(CNN)More than 1,000 people in Bangladesh, the majority of whom are children, have been diagnosed with dengue in the last 24 hours, amid the country's worst outbreak on record, a senior health ministry official said Tuesday.
Bangladesh hit by worst dengue outbreak on record
Eight people have died since January and more than 13,600 patients have been diagnosed with the mosquito-borne fever so far this year, with 8,348 cases, or more than half, coming in the month of July -- a sharp increase from the 1,820 cases in June and 184 cases in May this year, according to official figures.
"Since we started keeping record of dengue cases, which is from 2000, this is the worst dengue outbreak we have seen in Bangladesh," said Ayesha Akhter, assistant director at the Directorate General of Health Services told CNN.
More than 50 districts across the country have been affected, but the Bangladeshi capital of Dhaka -- home to more than 20 million people -- is the worst-hit city in the country, said Akhter, with some hospitals struggling to find space for patients.
"We are making sure all the government and private hospitals have all the resources to tackle this outbreak. We have opened a special section at Dhaka Medical College Hospital for dengue patients," said Akhter.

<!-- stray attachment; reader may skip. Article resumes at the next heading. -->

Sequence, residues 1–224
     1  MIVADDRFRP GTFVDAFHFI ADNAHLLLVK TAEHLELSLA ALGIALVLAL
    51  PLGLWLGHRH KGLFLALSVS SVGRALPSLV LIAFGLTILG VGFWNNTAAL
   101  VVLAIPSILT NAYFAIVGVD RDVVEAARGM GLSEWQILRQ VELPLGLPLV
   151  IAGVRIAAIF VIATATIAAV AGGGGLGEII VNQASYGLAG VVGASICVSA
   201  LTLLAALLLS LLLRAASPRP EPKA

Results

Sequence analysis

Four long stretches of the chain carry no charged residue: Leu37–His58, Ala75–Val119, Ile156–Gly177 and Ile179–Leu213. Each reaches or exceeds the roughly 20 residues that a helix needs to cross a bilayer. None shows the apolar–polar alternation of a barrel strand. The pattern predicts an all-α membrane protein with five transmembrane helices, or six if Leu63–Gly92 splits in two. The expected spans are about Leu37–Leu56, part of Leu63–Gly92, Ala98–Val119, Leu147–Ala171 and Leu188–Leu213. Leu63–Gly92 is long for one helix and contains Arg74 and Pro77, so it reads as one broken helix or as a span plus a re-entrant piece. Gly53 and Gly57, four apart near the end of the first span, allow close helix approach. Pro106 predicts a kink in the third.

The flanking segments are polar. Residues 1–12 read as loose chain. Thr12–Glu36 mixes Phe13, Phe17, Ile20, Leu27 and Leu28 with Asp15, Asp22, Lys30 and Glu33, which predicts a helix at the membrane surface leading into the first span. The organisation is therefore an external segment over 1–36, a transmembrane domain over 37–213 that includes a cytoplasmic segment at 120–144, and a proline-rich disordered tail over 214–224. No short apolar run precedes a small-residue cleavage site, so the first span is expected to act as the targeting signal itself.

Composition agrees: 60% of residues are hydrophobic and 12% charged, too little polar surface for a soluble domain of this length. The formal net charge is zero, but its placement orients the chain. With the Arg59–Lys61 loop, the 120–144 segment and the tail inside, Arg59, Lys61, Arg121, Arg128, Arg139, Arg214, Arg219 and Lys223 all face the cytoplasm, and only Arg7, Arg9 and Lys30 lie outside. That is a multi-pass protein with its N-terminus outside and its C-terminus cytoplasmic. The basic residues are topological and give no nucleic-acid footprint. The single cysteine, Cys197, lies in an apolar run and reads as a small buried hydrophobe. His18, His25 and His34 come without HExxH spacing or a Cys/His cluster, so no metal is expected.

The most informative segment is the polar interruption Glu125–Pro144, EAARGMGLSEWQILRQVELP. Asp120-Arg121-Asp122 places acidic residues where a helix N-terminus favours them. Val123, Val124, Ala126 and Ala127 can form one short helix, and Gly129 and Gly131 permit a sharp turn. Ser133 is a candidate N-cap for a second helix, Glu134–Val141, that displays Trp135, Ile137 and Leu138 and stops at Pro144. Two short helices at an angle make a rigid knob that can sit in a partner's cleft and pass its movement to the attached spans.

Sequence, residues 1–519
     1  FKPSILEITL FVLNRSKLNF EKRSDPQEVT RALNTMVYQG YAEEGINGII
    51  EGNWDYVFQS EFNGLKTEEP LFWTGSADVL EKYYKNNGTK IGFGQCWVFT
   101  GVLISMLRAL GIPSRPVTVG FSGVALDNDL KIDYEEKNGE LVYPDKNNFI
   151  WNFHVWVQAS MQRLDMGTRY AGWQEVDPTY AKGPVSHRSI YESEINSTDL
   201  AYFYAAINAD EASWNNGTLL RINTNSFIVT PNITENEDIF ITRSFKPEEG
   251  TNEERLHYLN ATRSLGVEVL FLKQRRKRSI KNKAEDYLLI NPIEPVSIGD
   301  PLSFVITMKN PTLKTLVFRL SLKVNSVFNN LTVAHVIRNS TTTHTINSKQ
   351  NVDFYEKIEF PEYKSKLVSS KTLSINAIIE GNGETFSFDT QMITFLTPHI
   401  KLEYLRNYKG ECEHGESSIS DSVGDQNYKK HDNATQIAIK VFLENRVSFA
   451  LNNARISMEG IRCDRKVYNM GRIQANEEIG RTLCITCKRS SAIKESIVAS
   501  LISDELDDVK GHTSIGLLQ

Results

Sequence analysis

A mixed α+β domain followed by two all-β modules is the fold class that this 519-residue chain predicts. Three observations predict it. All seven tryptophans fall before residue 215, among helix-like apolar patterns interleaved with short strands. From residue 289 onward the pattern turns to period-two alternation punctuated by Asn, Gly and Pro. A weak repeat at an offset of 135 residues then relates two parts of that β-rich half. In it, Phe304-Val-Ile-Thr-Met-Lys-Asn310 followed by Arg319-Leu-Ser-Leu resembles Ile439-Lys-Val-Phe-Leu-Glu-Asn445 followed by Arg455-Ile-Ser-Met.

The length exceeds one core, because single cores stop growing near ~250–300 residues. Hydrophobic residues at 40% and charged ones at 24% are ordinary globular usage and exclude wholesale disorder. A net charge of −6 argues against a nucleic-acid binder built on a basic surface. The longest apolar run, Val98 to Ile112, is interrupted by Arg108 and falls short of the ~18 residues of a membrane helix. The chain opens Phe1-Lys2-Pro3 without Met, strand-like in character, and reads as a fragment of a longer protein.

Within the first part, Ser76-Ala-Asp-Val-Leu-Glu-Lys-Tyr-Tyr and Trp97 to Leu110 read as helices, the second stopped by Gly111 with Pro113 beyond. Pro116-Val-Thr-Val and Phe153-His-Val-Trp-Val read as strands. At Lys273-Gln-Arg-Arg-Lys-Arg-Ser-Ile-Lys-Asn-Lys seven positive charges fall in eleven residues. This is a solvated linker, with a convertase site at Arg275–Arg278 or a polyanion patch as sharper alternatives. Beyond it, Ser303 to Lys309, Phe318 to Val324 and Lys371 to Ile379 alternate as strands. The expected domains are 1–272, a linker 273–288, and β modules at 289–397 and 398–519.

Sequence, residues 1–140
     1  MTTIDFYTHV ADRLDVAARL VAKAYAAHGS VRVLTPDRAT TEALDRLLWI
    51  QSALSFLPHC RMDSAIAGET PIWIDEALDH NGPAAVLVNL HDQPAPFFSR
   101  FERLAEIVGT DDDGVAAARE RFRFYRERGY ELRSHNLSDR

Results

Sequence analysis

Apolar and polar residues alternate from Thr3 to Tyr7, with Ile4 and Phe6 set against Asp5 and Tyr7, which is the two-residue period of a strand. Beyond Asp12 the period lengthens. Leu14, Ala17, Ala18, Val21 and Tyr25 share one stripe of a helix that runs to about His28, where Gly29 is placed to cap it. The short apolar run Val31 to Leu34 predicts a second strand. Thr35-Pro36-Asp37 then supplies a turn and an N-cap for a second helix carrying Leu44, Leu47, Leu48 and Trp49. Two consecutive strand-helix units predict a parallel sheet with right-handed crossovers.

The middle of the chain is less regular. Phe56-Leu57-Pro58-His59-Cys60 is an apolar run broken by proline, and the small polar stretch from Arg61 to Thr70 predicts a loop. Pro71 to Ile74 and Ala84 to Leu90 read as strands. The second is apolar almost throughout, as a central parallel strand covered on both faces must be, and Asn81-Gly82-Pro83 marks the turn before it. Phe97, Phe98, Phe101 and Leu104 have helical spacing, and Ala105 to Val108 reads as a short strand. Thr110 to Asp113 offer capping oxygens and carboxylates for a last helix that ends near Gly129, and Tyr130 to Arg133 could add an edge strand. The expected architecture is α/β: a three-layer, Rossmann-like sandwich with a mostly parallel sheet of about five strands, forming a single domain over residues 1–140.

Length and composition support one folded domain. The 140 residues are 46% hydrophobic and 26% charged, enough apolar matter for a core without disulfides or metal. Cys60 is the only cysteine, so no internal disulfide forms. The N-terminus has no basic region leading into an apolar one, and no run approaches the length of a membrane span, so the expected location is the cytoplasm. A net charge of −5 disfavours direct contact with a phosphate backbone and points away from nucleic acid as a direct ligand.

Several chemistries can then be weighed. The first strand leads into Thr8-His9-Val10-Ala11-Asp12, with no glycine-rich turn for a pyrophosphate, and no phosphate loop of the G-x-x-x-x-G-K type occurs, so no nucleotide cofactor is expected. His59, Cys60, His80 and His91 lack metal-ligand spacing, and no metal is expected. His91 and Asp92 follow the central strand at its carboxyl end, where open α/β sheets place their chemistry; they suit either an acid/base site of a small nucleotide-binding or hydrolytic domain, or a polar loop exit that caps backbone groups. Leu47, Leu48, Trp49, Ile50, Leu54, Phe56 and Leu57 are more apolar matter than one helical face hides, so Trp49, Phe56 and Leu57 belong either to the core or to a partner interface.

A viral infection, dengue causes flu-like symptoms, including piercing headaches, muscle and joint pains, fever and full body rashes. Of the millions of people infected with dengue every year worldwide, an estimated 500,000 develop severe symptoms requiring hospitalization, and of those some 12,500 people die, according to the World Health Organization (WHO)
The government's Disease Control Division has requested technical assistance from the WHO in implementing mosquito population control methods, according to a report published this week, in a bid to help stymy the spread of the nationwide disease.
Additionally, the health ministry says it has developed national treatment guidelines and is aiming to raise awareness of the disease through daily advertisement in newspapers, alongside other measures to tackle the spread of the illness.